If you are beside the bookstore, you are at the wrong loading dock.
If you are between the University Center building and the Azrieli Theater building, you are at the correct loading dock. There will be large trash dumpsters nearby.
Consult the MAP section to find the correct loading dock. Vehicles can not be left overnight in the loading dock. This is what should be done:
- bring vehicle to the loading dock
- turn on vehicle hazard lights
- unload gear (the elevator to the 5th floor is next to the loading dock)
- bring gear up to the 5th floor
- move vehicle out of the loading dock
- return to the radio station to set up gear for the show
- plan to set up the drum kit first (if more than one trip is necessary)
The format is casual.
The guests set up their gear in the studio. At 11PM, the host, Charles Anthony announces them. They introduce themselves and play. There is a brief interview throughout pauses in the performance.
Listen to the show to get an idea of the format.
How big is the studio audience?
[Believe it or not, somebody asked this question.]
This is college radio. There is no studio audience. Leave costumes and make-up at home.
The performance is only visible to the show host, Charles Anthony, who is also the producer and sound engineer. There is no video recording nor is there a webcast.
Yes, you can bring your records but they will not be played during your live set. Recorded music must be played after your live set.
Out of profound respect for independent musicians and the volunteers who work at community radio to promote the local scene, the answer is negative. Likewise, out of profound disrespect to the distorted commercial music market and its unfair advantage, the answer is very negative.
This is a non-paying gig. CKCU 93.1 FM Radio Carleton is a volunteer-operated community campus radio station with a shoe-string budget. The radio station can not afford to pay even an honorarium to the guests. Charles Anthony is a volunteer.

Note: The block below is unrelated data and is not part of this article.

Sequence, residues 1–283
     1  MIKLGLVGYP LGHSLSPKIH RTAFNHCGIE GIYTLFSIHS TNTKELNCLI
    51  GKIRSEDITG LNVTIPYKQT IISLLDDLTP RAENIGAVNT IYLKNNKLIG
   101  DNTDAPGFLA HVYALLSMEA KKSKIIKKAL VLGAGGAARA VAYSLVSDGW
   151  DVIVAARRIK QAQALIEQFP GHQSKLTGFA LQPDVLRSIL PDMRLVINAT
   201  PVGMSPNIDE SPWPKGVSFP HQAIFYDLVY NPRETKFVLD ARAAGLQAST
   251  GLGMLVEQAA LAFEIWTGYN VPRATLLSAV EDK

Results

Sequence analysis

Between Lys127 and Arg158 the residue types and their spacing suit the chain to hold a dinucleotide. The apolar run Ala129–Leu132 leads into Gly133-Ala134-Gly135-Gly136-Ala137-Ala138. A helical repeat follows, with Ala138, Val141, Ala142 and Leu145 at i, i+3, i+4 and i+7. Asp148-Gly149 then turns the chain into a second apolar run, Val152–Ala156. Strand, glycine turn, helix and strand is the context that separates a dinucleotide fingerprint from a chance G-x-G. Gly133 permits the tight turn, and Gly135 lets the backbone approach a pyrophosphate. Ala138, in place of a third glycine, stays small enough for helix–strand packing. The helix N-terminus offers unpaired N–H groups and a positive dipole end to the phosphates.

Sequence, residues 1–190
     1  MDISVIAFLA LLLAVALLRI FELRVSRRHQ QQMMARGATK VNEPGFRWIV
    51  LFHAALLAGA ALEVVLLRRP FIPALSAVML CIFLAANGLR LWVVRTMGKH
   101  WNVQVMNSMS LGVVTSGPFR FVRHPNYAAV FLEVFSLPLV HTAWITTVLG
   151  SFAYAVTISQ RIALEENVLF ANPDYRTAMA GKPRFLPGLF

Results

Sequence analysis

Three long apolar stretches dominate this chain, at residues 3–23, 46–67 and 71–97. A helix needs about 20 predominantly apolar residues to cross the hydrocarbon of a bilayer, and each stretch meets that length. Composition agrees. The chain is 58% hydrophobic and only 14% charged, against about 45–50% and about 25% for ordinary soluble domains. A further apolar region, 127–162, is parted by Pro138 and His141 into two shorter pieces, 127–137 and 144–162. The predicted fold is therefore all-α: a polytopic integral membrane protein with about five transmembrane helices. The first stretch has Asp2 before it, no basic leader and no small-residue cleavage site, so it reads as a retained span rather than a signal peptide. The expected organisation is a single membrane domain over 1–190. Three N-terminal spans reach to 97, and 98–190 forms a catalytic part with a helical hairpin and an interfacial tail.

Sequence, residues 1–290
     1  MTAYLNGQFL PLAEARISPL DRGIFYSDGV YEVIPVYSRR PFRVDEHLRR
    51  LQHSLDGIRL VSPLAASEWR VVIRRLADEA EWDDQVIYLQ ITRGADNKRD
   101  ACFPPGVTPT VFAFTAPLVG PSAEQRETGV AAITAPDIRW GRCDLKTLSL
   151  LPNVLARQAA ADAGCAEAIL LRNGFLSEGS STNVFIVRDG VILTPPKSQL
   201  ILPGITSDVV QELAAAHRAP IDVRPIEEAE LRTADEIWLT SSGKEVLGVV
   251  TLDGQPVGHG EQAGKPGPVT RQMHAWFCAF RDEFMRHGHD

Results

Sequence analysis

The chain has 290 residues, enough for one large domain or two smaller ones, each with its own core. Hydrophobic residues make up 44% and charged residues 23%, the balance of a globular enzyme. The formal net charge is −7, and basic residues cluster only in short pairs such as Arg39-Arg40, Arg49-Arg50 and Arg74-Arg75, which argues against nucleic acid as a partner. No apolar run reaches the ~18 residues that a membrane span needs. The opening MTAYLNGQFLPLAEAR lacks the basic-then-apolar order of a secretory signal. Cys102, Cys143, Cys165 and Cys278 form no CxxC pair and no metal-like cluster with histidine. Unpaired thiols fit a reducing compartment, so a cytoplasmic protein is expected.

If you are expecting to be paid to promote your own music, hire a promoter and pay the promoter to get you paying gigs elsewhere on other radio stations.
Yes, but the videographer can not get in the way. The studio space is small. Also, I can guarantee that the lighting will be very poor.
I have no idea. This is college radio, not commercial radio. We focus on quality, not quantity.
Commercial radio stations pay polling agencies to “estimate” numbers of listeners so that they may fool potential advertizers into thinking the commercial station has a large captive audience. College radio stations are not allowed to sell commercial advertizing. As such, college radio has no need to fool anybody. Connect the dots.
Radio Carleton CKCU 93.1 FM has a proud reputation of being the oldest campus community radio station in Canada and thus, does not try to “prove” to potential advertizers or sponsors that the station has a large audience.
The Ogg Vorbis format is completely free, open-source, unpatented and a superior sound quality to most common audio formats. If your proprietary software is old and does not play high quality audio file formats, learn to download the appropriate codec or get a better audio player. Thus, poor quality, patented and proprietary audio formats are not worthy to be the archived media for the one-of-a-kind “Ottawa Live Music” radio program. There is no excuse for any modern audio player that can not play the superior Ogg Vorbis format.
Take your feet off the floor and fly past the stars!